US bank authority warns of data breach that took 10,000 records

A former staffer grabbed the files while leaving his job in late 2015.

Reuters/Gary Cameron

Government data breaches aren't always the work of foreign intruders or even disgruntled employees. Sometimes, it's a staffer who simply isn't security-conscious. The US' Office of the Comptroller of the Currency has revealed that a worker took over 10,000 activity and staff records with him sometime in November 2015, shortly before he retired. The unnamed worker copied a "large number" of files to two thumb drives and, when asked about the data, couldn't find the drives to give them back.

While treated as a "major" event, the practical risk to the government isn't high. The data was encrypted precisely to prevent damage from a loss like this, and there's no indication that any controlled or private info has fallen into the wrong hands.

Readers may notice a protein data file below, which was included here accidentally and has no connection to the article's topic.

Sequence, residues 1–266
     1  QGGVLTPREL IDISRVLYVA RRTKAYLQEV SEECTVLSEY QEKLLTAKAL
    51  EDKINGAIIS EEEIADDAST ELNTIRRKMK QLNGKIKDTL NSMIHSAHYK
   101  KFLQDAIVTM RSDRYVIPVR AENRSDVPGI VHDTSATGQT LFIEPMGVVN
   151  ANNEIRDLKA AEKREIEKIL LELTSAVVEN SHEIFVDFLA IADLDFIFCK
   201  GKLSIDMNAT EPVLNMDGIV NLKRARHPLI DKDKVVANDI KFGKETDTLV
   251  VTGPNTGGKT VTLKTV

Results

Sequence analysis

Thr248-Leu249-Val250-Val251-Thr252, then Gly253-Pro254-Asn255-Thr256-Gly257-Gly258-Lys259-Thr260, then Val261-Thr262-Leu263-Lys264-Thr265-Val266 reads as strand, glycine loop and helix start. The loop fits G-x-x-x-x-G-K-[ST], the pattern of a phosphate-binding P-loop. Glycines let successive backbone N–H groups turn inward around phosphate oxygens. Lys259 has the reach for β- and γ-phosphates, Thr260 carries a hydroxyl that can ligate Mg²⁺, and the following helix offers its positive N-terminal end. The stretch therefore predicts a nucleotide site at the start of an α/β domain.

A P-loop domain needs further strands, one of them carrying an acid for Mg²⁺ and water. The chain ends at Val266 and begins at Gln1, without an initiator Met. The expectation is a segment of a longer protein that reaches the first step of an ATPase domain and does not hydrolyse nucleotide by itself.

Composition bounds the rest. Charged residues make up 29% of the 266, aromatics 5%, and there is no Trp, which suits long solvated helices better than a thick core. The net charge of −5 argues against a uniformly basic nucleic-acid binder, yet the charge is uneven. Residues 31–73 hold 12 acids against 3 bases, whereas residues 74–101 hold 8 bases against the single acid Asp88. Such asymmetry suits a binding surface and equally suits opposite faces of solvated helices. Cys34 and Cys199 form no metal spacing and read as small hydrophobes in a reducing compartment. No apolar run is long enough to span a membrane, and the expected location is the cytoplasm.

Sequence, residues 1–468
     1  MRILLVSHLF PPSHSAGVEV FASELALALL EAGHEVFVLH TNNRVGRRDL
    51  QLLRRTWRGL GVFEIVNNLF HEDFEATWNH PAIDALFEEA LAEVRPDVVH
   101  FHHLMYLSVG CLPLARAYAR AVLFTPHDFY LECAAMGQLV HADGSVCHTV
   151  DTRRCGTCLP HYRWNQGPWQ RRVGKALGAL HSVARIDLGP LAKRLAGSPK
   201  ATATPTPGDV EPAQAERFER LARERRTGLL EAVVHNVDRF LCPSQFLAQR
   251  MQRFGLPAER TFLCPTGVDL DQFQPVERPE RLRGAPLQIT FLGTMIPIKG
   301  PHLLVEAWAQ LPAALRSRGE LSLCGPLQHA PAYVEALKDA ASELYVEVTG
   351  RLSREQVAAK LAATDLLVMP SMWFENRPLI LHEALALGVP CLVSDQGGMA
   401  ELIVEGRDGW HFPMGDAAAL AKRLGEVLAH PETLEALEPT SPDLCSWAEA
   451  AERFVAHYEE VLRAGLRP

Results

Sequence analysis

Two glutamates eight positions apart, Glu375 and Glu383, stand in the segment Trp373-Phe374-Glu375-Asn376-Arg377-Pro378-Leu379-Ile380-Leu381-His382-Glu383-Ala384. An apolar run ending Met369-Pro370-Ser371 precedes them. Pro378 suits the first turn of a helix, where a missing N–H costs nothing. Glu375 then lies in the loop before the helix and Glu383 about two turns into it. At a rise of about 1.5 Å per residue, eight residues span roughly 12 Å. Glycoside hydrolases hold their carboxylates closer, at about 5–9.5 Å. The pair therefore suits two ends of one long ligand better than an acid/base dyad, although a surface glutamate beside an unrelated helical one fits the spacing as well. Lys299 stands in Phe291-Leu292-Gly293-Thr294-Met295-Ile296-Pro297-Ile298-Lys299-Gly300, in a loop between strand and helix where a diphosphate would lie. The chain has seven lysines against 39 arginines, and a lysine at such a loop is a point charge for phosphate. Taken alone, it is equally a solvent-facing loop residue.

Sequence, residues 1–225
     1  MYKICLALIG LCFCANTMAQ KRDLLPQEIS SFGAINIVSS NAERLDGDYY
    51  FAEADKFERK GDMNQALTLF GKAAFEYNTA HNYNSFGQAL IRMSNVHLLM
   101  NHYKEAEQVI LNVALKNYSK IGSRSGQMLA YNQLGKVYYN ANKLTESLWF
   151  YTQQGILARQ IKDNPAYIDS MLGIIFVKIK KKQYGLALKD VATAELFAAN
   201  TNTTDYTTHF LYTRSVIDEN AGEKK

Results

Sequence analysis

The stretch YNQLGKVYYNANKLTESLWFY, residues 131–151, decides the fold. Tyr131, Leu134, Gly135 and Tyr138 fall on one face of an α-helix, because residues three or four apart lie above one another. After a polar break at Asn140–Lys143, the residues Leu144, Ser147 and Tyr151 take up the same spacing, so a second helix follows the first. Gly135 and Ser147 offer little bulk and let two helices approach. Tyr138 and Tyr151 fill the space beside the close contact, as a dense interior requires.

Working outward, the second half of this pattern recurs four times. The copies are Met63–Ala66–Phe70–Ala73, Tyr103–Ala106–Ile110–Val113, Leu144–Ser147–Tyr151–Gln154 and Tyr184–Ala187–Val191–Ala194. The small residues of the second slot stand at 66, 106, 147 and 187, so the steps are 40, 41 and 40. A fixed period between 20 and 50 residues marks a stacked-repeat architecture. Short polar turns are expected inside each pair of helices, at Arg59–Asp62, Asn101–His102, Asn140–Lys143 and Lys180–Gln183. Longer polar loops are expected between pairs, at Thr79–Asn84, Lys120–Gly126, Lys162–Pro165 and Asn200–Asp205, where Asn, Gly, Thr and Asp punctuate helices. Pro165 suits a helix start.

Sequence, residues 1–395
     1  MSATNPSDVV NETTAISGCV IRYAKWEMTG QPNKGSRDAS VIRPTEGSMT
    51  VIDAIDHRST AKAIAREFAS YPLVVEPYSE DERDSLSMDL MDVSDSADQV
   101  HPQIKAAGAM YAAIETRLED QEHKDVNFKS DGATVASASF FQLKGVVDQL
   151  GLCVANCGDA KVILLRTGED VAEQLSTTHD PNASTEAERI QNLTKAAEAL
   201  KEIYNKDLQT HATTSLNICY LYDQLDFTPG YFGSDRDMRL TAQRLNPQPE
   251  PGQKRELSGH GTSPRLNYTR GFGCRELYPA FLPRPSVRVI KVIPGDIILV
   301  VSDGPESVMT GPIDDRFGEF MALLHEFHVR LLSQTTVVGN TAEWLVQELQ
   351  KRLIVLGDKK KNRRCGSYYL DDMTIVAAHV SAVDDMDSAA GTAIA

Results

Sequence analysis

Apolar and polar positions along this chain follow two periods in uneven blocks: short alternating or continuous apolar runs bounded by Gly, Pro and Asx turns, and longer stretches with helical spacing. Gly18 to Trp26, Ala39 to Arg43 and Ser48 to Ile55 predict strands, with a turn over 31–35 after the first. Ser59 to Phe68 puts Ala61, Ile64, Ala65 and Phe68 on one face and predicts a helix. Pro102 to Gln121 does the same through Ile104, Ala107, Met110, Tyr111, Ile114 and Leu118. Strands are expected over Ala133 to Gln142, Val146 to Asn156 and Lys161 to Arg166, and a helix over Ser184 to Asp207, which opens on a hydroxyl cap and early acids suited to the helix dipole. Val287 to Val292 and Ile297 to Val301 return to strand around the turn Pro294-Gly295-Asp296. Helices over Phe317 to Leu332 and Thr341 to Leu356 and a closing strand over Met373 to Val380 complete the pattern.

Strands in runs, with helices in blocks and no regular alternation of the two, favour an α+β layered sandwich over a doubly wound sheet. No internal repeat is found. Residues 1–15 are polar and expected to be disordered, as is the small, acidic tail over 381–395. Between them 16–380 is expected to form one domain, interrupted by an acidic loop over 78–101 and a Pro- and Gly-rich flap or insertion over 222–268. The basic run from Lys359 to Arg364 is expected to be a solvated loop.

More than anything, the issue is that the OCC let this data leave in the first place. The agency implemented a policy in August 2016 that bars employees from transferring data to removable storage without a supervisor's approval, but it came too late to catch the thumb drive episode. Also, there's a chance that this isn't the only breach. Investigators spotted the data transfer on September 1st, or shortly into a retrospective review of file transfers that remains underway. It's too soon to know if this was a one-off event or a sign of additional problems. Either way, it's not good news for a government that's still trying to mend its security.